The manna was a daily provision for daily need. It could not be hoarded; if attempted, it bred worms and stank. So also we cannot live upon yesterday's enjoyment of Christ. We must enjoy Him to-day. Our past experiences will otherwise only turn into corruption; they will feed pride; they will be a knowledge that puffs up. And how much we see of this! Constant dependence upon God, constant drawing from Him, is what He ordains as the way of blessing for us. He would thus keep us with Himself. We must realize the divine hand that ministers to us, and gives us no stock to live upon in any measure of independence of Him. And this is true of all spiritual graces, for He would have His hand and His heart to be known. He would have us near Himself, because He delights in us. And our true blessing is that in manifesting Himself to us, He at the same time weans us from our own resources, and teaches us His own faithfulness and truth. This means, gathering the manna for actual need; and the taste of it will be "as fresh oil" (Num. 11:8) — a freshness which the true ministry of the Spirit always implies.
"And when they did mete it out with an omer, he that gathered much had nothing over, and he that gathered little had no lack."
You cannot have too much of Christ. Of the mere outside of the Word, one may. You can have a breadth of truth out of proportion to depth; but where Christ it is that you seek, it will ensure depth as well as breadth. We can never have too much of Christ. On the other hand, the amount that we shall possess does not depend upon the mere measure of time or effort spent in the gathering. Not the amount of time, but the amount of heart counts with God, and in which fruit is found. "There is much fruit in the tillage of the poor;" and the poor need to be reminded of this. He who knows well our need as well as our hearts, knows how to minister to the need as He sees our hearts in reality occupied with Himself. Much study may be but a weariness to the flesh; but negligence of His Word God will not own nor countenance.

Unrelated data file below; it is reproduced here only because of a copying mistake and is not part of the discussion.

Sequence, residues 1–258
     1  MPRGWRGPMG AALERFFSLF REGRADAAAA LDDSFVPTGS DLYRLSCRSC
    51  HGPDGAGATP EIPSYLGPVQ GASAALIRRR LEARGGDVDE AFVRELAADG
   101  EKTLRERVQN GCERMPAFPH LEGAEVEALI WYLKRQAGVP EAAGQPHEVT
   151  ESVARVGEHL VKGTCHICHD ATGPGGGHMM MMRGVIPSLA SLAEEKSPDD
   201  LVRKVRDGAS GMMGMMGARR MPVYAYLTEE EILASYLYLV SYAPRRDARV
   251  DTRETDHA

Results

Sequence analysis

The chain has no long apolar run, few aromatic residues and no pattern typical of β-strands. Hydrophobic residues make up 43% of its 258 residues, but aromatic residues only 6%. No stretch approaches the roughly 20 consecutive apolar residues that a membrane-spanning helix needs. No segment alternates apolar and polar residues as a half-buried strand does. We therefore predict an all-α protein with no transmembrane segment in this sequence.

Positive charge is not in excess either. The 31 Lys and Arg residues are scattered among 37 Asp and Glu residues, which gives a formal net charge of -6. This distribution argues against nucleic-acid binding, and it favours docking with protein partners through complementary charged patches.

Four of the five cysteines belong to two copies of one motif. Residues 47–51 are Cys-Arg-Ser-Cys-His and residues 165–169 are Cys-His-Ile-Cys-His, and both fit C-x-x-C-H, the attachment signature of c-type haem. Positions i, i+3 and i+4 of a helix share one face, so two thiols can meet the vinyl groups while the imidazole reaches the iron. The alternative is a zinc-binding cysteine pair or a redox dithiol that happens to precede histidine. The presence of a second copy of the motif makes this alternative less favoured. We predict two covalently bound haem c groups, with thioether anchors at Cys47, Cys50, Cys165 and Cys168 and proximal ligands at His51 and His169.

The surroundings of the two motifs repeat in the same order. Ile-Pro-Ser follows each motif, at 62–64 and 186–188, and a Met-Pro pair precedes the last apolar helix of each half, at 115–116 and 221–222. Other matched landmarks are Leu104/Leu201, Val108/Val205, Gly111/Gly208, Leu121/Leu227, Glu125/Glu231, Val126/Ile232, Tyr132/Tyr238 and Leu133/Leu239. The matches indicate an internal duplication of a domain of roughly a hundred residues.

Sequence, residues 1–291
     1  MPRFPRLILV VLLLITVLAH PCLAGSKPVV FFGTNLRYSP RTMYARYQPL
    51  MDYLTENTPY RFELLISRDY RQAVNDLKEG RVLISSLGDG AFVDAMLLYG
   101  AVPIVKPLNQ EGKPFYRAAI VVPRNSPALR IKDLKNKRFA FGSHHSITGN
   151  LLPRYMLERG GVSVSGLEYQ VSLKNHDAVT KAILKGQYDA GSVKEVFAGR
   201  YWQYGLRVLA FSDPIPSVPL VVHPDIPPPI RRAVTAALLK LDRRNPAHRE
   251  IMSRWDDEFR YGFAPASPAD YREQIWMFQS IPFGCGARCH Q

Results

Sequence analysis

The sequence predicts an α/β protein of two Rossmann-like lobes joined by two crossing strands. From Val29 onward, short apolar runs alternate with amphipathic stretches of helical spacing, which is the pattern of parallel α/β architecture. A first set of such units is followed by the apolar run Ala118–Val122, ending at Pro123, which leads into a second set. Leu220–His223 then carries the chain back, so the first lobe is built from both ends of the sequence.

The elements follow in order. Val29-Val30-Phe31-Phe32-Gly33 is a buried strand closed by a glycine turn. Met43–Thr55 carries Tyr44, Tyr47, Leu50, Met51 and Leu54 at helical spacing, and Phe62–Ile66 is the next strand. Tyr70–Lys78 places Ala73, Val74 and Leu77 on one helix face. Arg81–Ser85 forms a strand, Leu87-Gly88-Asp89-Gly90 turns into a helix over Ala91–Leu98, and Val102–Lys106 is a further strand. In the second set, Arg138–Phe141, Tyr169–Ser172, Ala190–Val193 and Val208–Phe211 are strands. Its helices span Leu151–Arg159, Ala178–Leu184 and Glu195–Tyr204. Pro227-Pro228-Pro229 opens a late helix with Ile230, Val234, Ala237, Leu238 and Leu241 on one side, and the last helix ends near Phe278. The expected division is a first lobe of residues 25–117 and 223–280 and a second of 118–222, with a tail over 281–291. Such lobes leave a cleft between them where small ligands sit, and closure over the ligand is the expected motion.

And let us remember, beloved, that we are speaking now of the acquirement of food, and that Christ is that food. He Himself is the truth. All that we learn must, and will, if it be really learned, give us more knowledge of this living Person. It is food we are to gather — not mental furniture — but that which will sustain and bless us and glorify Him. It is still and ever as in the angels' words that night at Bethlehem: "Glory to God in the highest, and on earth peace." Peace follows as the result of God being glorified in the highest.
This we shall find significantly told out in what is connected with the manna in the chapter before us. As soon as the manna is given, the Sabbath appears.
"And it came to pass that on the sixth day they gathered twice as much bread, two omers for one man; and the rulers of the congregation came and told Moses. And he said unto them, This is that which the Lord hath said, Tomorrow is the rest of the holy Sabbath unto Me."